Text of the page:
15+ Facts About Life in the North That’ll Make You Want to Snuggle Up to Your Radiator

The unexplored Far North both dissuades and attracts at the same time. Some people fall in love with it so much that they stay to live there, while others run away from this place in order to never have to go back to this frozen area again.

We at Bright Side became interested in the uniqueness of winter cities so much that we decided to learn more about how people in the North live. In this article, we are going to share with you some of our observations. The bonus at the end will tell you about a place on Earth where you can watch whales right from the shore.

“The start of mushroom season in Yamal (northwest Siberia, Russia) looks like this.”

  • It’s the same story in the Komi Republic, Russia. You easily can pick up 2 sacks of white mushrooms as you stroll through the woods. © entropic / pikabu

“This photo was taken on the way to the Yamburg locality.”

“The next day I was shocked by the huge, fat seagulls that were as big as fire extinguishers.”

“They go to the mainland to hang out.”

“On a Friday evening, I was dressed up and dolled up ready for a party. So I ask my friend, ” Where do you guys hang out here? I am ready for some fun.“

He responds, “Nowhere. Everyone stays at home and works in the North. If we want to rest and hang out, we go to the mainland.”

I didn’t believe him at first and asked 3 more times. Then when I realized it was true, I started to cry." © Ksushagrach / Pikabu

Radiators burst from cold.

  • I remember it being −80°F in my neck of the woods (Kolyma, Siberia). It’s −53°F there now. Primary school kids stop attending school at −60°F. Senior school kids continue going to school at this temperature until the moment radiators start to burst from the cold. After that, they are allowed to stay at home. © Muhomorph / Pikabu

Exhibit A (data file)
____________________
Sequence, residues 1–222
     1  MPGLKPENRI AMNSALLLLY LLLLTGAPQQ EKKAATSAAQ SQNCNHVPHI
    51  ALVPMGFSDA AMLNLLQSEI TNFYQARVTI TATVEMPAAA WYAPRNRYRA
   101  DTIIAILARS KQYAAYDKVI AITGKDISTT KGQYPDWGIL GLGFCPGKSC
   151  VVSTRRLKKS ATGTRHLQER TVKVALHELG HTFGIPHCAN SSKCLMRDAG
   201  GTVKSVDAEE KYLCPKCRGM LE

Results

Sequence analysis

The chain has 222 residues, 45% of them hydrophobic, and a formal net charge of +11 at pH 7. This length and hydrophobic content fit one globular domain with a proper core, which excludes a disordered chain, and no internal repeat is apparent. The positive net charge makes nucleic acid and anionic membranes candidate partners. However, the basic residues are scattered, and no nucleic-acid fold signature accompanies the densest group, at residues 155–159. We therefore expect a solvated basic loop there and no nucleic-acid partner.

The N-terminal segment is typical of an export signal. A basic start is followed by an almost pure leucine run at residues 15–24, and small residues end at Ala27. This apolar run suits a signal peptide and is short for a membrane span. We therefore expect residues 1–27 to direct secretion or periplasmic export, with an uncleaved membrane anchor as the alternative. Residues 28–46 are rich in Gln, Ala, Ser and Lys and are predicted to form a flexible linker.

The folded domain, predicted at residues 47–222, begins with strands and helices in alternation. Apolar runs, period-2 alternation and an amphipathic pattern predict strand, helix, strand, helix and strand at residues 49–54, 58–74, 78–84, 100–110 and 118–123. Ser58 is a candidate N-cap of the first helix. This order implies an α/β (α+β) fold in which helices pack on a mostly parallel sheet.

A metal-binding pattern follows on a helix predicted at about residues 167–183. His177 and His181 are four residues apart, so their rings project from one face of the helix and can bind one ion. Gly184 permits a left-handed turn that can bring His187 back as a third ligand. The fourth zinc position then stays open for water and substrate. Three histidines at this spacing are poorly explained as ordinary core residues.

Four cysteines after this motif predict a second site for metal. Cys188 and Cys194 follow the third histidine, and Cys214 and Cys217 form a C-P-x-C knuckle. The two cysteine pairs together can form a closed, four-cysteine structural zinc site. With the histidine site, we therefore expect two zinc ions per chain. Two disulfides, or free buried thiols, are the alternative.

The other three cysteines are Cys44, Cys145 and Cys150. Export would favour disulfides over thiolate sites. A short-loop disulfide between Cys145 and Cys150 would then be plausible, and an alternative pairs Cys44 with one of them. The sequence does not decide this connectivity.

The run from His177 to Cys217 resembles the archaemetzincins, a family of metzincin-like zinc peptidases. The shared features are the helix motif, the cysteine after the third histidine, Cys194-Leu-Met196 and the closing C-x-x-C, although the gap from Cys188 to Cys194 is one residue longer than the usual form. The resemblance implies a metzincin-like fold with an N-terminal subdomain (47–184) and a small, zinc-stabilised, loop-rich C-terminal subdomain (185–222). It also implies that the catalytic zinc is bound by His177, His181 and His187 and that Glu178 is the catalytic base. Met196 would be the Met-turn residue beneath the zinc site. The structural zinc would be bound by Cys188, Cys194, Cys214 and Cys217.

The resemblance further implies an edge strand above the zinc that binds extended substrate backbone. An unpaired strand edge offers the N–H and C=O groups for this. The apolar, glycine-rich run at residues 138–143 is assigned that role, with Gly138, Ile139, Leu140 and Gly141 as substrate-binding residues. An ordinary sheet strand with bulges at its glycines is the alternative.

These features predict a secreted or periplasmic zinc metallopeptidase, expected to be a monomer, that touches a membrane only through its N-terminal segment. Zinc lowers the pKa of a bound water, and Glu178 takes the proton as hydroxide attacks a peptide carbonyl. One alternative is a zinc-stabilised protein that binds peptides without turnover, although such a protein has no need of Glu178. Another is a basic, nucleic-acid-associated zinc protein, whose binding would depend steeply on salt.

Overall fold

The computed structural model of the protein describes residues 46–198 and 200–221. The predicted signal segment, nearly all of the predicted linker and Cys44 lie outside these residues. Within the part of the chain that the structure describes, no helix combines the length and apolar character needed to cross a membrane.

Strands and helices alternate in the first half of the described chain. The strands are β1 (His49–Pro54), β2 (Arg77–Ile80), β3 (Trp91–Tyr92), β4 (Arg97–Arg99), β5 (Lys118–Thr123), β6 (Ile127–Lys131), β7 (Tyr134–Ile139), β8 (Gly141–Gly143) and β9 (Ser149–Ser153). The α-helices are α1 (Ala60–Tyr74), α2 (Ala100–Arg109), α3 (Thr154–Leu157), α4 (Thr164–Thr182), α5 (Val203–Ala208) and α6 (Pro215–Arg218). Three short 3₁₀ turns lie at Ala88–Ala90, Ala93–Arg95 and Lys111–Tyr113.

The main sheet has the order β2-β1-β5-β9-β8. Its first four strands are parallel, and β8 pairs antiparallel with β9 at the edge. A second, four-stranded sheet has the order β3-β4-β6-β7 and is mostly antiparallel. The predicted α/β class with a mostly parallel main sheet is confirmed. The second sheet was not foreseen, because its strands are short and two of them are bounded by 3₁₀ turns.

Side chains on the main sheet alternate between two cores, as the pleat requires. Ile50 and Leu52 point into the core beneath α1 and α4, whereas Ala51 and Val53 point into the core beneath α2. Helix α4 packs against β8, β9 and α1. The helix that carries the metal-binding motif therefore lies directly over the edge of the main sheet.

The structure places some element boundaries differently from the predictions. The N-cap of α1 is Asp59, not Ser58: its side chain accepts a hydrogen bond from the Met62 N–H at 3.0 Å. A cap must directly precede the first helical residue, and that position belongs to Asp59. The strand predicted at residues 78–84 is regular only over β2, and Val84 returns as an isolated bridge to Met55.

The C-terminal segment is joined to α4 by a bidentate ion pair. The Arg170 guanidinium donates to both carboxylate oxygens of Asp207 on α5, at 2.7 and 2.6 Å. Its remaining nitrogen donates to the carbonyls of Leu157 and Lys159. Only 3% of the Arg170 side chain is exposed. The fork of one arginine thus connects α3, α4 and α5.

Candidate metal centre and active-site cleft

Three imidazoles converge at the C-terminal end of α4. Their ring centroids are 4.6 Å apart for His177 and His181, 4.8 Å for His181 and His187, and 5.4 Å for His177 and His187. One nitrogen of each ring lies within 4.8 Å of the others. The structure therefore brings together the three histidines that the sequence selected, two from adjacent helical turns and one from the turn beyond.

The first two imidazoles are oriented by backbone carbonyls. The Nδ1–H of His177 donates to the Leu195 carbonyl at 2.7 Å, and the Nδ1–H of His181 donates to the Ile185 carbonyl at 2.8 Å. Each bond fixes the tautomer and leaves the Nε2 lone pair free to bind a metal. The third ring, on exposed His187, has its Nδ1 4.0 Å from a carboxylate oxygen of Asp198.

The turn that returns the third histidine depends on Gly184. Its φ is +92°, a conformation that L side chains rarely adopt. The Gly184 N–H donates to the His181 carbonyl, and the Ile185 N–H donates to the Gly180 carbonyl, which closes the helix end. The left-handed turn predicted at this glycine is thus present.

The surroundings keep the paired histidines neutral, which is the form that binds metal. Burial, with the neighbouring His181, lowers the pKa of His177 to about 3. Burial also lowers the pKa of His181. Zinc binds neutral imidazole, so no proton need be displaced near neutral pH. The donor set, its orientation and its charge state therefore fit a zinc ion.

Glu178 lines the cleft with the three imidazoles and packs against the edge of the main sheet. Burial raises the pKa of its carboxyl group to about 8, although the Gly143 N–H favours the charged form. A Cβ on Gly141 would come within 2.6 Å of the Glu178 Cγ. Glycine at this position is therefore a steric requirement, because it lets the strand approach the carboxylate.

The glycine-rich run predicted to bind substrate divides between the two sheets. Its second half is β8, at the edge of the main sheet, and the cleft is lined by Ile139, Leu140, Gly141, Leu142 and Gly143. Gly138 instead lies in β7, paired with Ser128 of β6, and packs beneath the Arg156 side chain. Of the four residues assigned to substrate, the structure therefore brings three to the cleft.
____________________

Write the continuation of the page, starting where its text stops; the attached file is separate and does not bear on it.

Shoes in some Northern regions are made from the skin of deer.

“-55°F, kids are playing in the street”

This is what a chum, where a family of Nenets (deer herders) sets up camp, looks like:

The buildings are brightly colored. It’s a way to fight the “white depression” because there is very little sunlight and the white color is everywhere, there are months when it doesn’t get dark at all.

In order to bring even more fun to people’s lives, they hold a festival where they paint murals with arctic pictures on building façades. They depict ice breakers, and the North Pole, polar bears, and deer on them.

Winter cities

Cities from all over the world above 45° latitude and with temperatures below freezing in winter are united in the Winter Cities. The concept of this community is “To get the best from winter.” The community proposes to work with an eternal winter on all levels, from the configuration of buildings that protect from the wind, to arranging a “February patio” in the yard with pillows, blankets, and heaters.

Stroganina (literally “shavings”) is...

...raw fish or meat that is frozen and then sliced and eaten with salt.

“Summer in the tundra is when the mosquitos eat right from your hands.”

“Make sure to bring a raincoat and rubber boots if you come here in summer. Also, grab a mosquito repellent. I failed to do it and local mosquitoes almost took me to the tundra and ate me there. In winter, it’s vital to bring valenki (Russian traditional felted winter boots) or baffins.” © KOT268 / Pikabu

Icicles on the face

Icicles and small pieces of ice form on eyelashes, hair, eyebrows, and beards.

Harvesting ice at −41.8°F

“March. Siberia. We’d better keep the windows shut.”

Car drivers don’t start their car’s engine for 5 months in a row.

Due to poor visibility, house/bus numbers are shown in very large numbers.

When you try to eat in the cold:

Would you like to visit the Far North region? Maybe you are a resident of this area? Please tell us more interesting facts about this place in the comments!

Preview photo credit KEPHOMEH / Pikabu
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